It becomes apparent that one meal while dining at these so-called “friendly” chains — an appetizer, main course and dessert — can easily total 6,000 calories with the addition of drinks — four days worth of calories in a single meal! This is criminally high and aggressively negligent when considering that the companies that serve these meals absolutely know how ruinous such high intakes of fat and calories can be to our bodies.

Our supermarkets are no better, since they too are literally shelved with products that silently poison us and rapidly fatten us. But the most insidious influence snaking through it all is the relentless marketing directed at us every second of our lives, so that whether we believe it or not, we are continually being lured toward a more unhealthy way of eating.

Consider for a moment the number of ads you see for quinoa or kale in a day? In contrast, how many do you see for Coke? For chips? Pizza? These three make up what many consider to be a light snack. Yet far from light, the three together count in at 700 calories. This is a little less than half of what the average woman at 5 feet 6 inches, 130 pounds would need each day to simply maintain her current weight. That same woman wanting to lose even a little weight would need to aim for no more than 1,200 calories a day. If she were interested in a more rapid weight loss, her daily caloric intake would need to come down to around a 1,000.

You can see how the combination of packaged foods and fast foods, or rather the preponderance of all foods marketed to us each day works against our better impulses to remain healthy, and it all but crushes our ability to stay at an optimum weight. If you’re concerned about either your health or weight, then it’s crucial to remain ever-vigilant of these forces weighing in around you at all times.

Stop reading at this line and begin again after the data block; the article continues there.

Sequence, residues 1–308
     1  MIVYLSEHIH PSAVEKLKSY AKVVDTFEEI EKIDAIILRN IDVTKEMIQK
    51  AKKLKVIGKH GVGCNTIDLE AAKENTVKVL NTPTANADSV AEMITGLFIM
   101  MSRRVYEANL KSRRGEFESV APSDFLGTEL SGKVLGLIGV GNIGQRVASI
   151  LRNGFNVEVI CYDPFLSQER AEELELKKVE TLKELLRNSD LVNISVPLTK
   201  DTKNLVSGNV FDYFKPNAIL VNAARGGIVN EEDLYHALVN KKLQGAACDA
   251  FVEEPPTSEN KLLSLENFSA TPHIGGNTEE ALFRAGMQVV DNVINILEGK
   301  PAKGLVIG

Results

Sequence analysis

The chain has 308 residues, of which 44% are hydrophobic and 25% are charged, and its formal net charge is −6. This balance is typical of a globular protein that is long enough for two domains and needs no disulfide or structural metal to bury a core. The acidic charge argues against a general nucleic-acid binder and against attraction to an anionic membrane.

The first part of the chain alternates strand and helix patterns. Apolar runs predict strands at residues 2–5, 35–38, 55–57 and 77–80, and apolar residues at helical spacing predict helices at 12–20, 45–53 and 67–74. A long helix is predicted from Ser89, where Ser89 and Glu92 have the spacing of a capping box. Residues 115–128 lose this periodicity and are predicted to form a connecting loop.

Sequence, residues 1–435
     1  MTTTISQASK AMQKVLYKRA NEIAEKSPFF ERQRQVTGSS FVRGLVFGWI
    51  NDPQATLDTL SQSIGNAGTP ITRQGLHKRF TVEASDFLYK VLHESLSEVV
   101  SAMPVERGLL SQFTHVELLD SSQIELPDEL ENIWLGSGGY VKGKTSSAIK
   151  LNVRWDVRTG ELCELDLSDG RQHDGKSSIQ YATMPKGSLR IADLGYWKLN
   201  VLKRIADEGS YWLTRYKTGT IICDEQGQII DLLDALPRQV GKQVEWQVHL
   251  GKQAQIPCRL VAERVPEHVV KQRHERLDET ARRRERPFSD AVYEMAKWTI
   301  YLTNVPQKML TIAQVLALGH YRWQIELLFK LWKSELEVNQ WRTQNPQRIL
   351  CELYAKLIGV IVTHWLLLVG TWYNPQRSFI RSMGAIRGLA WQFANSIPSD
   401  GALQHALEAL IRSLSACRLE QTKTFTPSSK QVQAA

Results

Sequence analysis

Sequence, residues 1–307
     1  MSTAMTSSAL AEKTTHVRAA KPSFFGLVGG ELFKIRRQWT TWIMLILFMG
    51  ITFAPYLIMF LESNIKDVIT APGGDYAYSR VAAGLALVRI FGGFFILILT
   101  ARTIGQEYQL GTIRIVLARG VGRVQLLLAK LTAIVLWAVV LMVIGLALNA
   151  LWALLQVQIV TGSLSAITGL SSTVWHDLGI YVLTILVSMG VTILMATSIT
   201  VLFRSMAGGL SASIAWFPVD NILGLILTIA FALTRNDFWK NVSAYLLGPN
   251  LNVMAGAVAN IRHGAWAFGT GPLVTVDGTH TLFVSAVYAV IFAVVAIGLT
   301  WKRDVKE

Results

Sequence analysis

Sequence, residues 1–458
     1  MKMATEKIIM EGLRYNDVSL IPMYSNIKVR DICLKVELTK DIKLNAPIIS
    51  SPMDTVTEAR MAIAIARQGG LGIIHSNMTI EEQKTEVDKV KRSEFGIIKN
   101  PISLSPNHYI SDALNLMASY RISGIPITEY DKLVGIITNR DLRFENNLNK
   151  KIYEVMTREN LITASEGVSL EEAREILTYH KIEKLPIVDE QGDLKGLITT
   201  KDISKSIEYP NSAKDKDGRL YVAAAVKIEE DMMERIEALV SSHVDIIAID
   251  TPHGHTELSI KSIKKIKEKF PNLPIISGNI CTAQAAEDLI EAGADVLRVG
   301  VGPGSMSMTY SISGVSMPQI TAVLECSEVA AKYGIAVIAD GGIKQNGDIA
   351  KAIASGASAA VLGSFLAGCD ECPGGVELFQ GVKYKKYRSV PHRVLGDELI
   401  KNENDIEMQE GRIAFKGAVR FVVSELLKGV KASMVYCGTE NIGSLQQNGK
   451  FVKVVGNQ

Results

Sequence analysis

On the other hand, should you choose to become a warrior against the commercial machine, you have the entire world of whole, unprocessed foods on your side. A large green-leaf salad light on olive oil, for example, has as little as 100 calories, and the energy you receive from those calories is significantly better than those found in the pizza combo above. A plate of rice and beans counts in at a meager 250 calories. Adding a serving of corn to complete the protein would still bring this supremely healthy dish in at around 300 calories. Yet those generously few calories will keep you satisfied longer, with far more energy and mental clarity, than the Coke, pizza, chips, and perhaps even the 900-calorie burger.

Narrowing the entire discussion down to just the numbers, know that a pound of fat in the body is 3,500 calories. To lose that pound in a week you would have to reduce or burn 500 more calories a day than what the body needs to maintain its current weight. Exercise helps in this process. Even walking makes a difference. Walk a mile and you can burn 100 calories. A more rigorous workout at the gym will burn another few hundred calories. Combine the two with an awareness of all the calories you’re taking in each day and you’re on track to losing a pound a week, and nearly 15 in three months. The wonderful bonus in doing so is that you’re likely to feel better than you have in many years.

Christopher Hassett is a columnist and natural healer living in New York City. Learn more about natural approaches to improved health at Do you have a question or concern you’d like Christopher to respond to? Please email him at: [email protected] Receive an update when a new column is published at: